In a 2012 study, researchers examined the risk long time high heel wearers would have in regards to calf Muscle fascicle length and strain. The control group consisted of women who wore heels for less than ten hours weekly and the experimental group consisted of women who wore heels for a minimum of forty hours weekly for at least two years. The experimental group was told to walk down a walkway barefoot and in heels while the control group walked down barefoot as cameras recorded their movements to calculate muscle fascicle lengths. The data showed that wearing heels shortened the length of the medial gastrocnemius (MG) muscle fascicles in the calf significantly as well as increasing stiffness in the Achilles Tendon. The experimental group also demonstrated a larger amount of strain on the muscle fascicles while walking in heels because of the flexed position the foot is forced into. The researchers were able to estimate that when wearing heels, the estimated fascicle strains were approximately three times higher and the fascicle strain rate was approximately six times higher. Additionally, they were able to conclude that the long term usage of high heels can increase the risk of injuries such as strain along with discomfort and muscle fatigue.
High heels are marketed to children, and some schools encourage children to wear them. 18% of injuries from wearing high heels were in children, and 4% in under-tens, in a 2002-2012 US survey. Concern was expressed about children's use of high heels in a 2016 medical review on high-heeled shoes. A nine-year old is about half an adult's height, and a toddler about a quarter; so, relative to body height, a 2-inch (5 cm) heel on an adult would be a one-inch heel on the nine-year-old, and a half-inch heel on the toddler, though whether this translates to comparable health harms is not known.
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Research shows that heels draw attention to long legs and small feet. Some argue that "high-heeled shoes, perhaps more than any other item of clothing, are seen as the ultimate symbol of being a woman." High heels often play a key role in emphasizing a wearer's, most commonly a woman's, arched back and extended buttocks. This "natural courting pose" sexualizes the wearer, and can turn them into objects subjected to the male gaze. This research highlights the emphasis heels place on the appearance of the wearer, instead of their arguably more valuable internal traits such as intelligence, creativity, or strength.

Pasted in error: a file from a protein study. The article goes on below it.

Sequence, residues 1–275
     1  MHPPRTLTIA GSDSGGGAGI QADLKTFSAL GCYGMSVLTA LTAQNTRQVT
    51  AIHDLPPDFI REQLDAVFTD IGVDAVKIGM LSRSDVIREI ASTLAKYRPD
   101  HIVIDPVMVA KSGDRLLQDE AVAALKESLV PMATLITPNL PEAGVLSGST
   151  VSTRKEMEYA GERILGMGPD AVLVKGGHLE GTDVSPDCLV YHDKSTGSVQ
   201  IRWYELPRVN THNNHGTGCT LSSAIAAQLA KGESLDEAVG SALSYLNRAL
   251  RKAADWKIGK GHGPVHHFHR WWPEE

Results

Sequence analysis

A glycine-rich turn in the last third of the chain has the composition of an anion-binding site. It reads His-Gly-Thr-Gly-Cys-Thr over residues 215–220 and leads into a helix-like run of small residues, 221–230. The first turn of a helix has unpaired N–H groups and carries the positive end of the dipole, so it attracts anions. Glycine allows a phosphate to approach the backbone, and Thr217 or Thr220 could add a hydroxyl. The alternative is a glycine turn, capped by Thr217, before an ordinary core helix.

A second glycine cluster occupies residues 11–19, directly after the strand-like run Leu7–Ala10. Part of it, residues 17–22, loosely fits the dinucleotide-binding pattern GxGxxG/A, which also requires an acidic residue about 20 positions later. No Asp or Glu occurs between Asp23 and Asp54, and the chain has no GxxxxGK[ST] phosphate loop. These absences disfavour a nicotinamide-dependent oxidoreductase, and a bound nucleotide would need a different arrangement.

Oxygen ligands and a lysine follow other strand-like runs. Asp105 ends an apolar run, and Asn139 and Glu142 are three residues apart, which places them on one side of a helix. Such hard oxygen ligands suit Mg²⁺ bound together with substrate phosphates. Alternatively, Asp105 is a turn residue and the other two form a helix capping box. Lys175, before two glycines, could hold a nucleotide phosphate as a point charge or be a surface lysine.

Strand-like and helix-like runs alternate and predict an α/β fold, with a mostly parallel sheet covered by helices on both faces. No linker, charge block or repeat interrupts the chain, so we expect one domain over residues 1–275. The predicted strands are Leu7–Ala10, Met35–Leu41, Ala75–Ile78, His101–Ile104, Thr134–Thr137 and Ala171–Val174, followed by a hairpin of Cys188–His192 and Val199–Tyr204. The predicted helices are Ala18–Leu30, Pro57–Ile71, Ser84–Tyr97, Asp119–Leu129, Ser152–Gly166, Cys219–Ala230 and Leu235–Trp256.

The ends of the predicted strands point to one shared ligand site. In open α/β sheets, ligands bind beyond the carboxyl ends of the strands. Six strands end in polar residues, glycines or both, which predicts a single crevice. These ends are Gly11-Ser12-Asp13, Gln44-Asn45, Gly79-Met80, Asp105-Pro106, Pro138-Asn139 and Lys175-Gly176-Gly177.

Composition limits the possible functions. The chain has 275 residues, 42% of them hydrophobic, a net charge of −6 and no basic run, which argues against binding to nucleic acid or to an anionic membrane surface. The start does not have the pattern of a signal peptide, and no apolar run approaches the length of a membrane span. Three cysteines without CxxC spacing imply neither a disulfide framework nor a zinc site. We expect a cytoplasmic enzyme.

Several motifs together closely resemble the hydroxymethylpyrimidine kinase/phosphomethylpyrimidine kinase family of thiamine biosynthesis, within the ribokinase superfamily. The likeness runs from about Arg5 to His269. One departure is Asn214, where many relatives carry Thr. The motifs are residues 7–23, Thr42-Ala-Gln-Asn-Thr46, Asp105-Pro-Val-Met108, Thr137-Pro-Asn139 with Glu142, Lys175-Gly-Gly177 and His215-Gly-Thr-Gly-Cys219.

With the 1900s bringing two devastating world wars, many countries set wartime regulations for rationing almost all aspects of life. This included materials previously used for making heels, such as silk, rubber, or leather; these began to be replaced with cork and wooden soles. Another one of the numerous outcomes of these wars was an increase in international relations, and a more proliferate sharing of fashion through photography and films, which helped spread high heel fashion as well. Examples of this were the brown and white pumps with cutouts or ankle straps combined with an open toe. Their practicality yet professional look appealed to the new, fast-paced lifestyle of many women.
In the UK in 2016 temporary receptionist Nicola Thorp was sent home unpaid after she refused to follow the dress code of firm Portico. Thorp launched an online petition calling for the UK government to "make it illegal for a company to require women to wear high heels at work". Two parliamentary committees in January 2017 decided that Portico had broken the law; by this time the company had already changed its terms of employment. The petition was rejected by the government in April 2017 as they stated that existing legislation was "adequate". Existing legislation allows women to be required to wear high heels, but only if it is considered a job requirement and men in the same job are required to dress to an "equivalent level of smartness".